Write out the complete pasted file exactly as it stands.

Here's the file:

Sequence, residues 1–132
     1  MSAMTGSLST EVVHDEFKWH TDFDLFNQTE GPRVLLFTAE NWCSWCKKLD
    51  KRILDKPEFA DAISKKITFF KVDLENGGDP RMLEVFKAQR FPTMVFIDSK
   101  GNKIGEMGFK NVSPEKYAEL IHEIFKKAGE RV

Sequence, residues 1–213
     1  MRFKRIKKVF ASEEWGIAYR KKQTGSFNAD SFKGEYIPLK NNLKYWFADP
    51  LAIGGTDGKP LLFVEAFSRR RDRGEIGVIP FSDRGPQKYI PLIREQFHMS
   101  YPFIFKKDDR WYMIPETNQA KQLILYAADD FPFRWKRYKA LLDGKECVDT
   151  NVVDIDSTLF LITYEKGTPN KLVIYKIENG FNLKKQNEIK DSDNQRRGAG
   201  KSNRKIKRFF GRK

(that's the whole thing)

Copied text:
Sequence, residues 1–132
     1  MSAMTGSLST EVVHDEFKWH TDFDLFNQTE GPRVLLFTAE NWCSWCKKLD
    51  KRILDKPEFA DAISKKITFF KVDLENGGDP RMLEVFKAQR FPTMVFIDSK
   101  GNKIGEMGFK NVSPEKYAEL IHEIFKKAGE RV

Sequence, residues 1–213
     1  MRFKRIKKVF ASEEWGIAYR KKQTGSFNAD SFKGEYIPLK NNLKYWFADP
    51  LAIGGTDGKP LLFVEAFSRR RDRGEIGVIP FSDRGPQKYI PLIREQFHMS
   101  YPFIFKKDDR WYMIPETNQA KQLILYAADD FPFRWKRYKA LLDGKECVDT
   151  NVVDIDSTLF LITYEKGTPN KLVIYKIENG FNLKKQNEIK DSDNQRRGAG
   201  KSNRKIKRFF GRK